Location Based Services: Joi and Marc weigh in on Moblogging
Hmmmm.... How do I organize all this? Links? Naaah. I know, I'll just post it all here. ;-)
First, I said this (among other things):
I think unless you're a student who's always out and about or a mover and shaker like Joi there's not a whole hell of a lot to moblogging. ...
Then Joi responded yesterday:
I guess I would disagree a bit. Moblogging is still in its infancy. (Although Steve Mann has been doing stuff with mobile camera on the web for a long time...)
I think the cameras and the other attributes of the device will get better. Imagine the Sidekick with a built in camera and a color screen. The new Sharp phone has a full VGA color screen! Foma mobile video phones do 384K. So, the dinky sreen, gritty image, thing will be fixed soon.
Although the conversation style of moblogging will probably be different than weblogging, I think you have other ways to thread things.
For example, if you leave messages and images in locations for people. For instance, if you go to a restaurant, you can push a button and it pulls up all of the interesting things people have written while they were there and threads you to other places those people have been. If you're going to a place, you search for people who have moblogged from that location, finding links to their images and maybe their weblogs. In an "augmented reality" (see my brother-in-law Scott Fisher's work on this. He's actually done a system of using mobile phones to annotate space with content.) sort of way, it's like annotating the real world. That's how I look at it. I'm this little thing crawling around the earth, annotating it with images, sounds and text. You leverage being mobile by being able to add location. This database can be viewed by time/location/ID and we can create meta information from that. (Yes, there are security/privacy issues.)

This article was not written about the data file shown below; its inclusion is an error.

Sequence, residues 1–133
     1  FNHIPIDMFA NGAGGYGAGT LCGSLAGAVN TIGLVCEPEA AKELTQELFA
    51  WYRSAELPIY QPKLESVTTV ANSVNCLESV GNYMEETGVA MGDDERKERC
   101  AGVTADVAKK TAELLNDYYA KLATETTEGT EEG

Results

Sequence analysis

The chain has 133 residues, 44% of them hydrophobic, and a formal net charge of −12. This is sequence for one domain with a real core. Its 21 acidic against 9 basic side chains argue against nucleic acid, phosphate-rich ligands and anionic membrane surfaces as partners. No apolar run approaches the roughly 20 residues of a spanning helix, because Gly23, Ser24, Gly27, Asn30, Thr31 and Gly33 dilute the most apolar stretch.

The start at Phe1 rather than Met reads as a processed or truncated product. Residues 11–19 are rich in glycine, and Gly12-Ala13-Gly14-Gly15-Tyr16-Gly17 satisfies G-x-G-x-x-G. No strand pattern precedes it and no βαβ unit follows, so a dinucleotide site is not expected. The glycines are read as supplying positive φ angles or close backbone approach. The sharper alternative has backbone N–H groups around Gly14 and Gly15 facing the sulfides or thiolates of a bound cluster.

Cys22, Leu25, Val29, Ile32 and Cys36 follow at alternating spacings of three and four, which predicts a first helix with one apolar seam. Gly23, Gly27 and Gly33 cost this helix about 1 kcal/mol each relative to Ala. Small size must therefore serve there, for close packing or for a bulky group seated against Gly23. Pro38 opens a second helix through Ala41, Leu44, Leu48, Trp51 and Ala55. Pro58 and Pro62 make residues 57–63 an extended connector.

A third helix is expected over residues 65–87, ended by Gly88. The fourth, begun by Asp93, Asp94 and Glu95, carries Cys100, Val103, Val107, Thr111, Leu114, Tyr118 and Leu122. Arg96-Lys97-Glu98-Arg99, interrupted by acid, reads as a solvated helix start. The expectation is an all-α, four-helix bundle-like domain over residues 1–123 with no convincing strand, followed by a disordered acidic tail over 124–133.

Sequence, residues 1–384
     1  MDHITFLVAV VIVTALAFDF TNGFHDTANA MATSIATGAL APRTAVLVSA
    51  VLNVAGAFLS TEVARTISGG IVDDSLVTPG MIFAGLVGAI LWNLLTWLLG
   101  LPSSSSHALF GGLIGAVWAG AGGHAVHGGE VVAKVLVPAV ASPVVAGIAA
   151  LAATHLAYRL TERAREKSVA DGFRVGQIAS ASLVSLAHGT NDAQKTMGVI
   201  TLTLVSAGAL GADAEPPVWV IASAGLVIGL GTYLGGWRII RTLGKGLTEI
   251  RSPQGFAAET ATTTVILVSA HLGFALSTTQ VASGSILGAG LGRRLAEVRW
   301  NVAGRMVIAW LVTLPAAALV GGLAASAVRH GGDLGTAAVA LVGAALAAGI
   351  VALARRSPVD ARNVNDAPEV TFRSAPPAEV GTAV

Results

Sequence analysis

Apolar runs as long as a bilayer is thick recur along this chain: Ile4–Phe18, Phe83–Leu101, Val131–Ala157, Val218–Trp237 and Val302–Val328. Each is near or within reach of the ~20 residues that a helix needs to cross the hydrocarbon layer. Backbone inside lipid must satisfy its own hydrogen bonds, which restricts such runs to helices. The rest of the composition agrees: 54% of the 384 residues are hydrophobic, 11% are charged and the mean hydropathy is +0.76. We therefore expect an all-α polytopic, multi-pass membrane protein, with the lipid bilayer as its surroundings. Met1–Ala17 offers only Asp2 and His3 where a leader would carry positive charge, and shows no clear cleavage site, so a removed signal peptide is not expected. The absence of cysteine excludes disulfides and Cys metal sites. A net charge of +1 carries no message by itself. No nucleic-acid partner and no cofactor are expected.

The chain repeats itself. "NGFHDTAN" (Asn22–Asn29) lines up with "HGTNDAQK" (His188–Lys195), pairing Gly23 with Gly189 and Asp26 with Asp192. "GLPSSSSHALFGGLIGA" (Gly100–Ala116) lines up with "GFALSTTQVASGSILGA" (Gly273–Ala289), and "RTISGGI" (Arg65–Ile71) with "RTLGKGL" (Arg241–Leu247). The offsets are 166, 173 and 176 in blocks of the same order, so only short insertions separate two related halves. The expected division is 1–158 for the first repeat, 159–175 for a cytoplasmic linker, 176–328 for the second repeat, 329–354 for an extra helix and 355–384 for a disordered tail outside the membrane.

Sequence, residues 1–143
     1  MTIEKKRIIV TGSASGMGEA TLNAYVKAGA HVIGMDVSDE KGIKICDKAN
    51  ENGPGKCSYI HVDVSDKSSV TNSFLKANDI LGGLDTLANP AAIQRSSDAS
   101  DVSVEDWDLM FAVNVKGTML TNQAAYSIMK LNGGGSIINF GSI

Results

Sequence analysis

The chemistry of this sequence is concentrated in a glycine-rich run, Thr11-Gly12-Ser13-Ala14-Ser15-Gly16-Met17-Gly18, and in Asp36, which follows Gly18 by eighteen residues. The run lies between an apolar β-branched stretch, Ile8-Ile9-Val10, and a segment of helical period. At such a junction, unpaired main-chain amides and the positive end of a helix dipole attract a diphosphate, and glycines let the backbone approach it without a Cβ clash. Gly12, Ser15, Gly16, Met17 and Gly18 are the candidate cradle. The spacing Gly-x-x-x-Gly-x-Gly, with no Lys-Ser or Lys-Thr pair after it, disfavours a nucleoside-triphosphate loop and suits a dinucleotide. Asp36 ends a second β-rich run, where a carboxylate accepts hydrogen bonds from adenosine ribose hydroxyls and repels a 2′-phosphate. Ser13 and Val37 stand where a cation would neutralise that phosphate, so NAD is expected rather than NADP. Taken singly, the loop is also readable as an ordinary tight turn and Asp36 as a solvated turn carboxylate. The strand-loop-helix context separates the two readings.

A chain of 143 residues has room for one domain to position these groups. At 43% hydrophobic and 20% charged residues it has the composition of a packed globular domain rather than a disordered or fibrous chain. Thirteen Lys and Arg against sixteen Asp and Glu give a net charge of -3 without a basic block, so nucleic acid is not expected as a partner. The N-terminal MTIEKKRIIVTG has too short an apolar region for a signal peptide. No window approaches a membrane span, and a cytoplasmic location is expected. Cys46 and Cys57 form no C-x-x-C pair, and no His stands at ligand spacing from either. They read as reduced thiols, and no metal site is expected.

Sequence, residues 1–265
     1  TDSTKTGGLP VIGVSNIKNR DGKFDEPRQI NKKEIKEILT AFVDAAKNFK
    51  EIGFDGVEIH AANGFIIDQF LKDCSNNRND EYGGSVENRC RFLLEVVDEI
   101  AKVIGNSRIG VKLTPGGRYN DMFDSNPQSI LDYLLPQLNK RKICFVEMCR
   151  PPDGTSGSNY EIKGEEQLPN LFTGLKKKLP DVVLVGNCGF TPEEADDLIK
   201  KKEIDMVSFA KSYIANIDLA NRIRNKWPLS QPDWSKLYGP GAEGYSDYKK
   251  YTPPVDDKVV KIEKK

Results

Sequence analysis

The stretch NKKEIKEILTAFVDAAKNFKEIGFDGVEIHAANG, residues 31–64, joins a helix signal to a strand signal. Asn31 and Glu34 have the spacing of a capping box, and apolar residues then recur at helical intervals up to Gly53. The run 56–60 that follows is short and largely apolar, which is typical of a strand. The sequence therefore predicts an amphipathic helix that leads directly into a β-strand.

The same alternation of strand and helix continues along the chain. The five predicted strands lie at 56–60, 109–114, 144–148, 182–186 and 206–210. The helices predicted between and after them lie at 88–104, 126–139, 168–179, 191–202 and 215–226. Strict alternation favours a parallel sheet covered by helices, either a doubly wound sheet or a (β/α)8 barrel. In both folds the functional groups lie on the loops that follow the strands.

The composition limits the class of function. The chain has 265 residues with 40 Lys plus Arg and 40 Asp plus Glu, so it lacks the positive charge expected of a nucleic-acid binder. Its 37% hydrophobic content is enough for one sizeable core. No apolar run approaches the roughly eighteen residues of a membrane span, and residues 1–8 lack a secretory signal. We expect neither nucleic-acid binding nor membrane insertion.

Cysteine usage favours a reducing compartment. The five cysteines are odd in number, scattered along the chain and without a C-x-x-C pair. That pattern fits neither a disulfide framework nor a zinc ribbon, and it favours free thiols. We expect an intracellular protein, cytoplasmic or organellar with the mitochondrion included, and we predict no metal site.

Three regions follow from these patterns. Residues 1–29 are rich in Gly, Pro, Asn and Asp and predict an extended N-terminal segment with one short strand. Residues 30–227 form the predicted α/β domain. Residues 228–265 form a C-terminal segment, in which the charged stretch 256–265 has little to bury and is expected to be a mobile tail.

Then Marc responded to Joi's comments:
There are two meaty things to take out of Joi's rant:
- Shared Reviews servers can house moblogging reports on various resturants, movies, clubs, museums, art galleries and any meatspace location. Since the phone's UI real estate is so limited, Review templates will make it easy for folks to simply select: Post Review:Restaurant:Food:Quality rating...navigate back to Restaurant:Service:Quality rating and then finish with Restaurant:Ambiance:Originality rating. Simlar Reviews could be easily posted as you left a movie or when you found a cool party.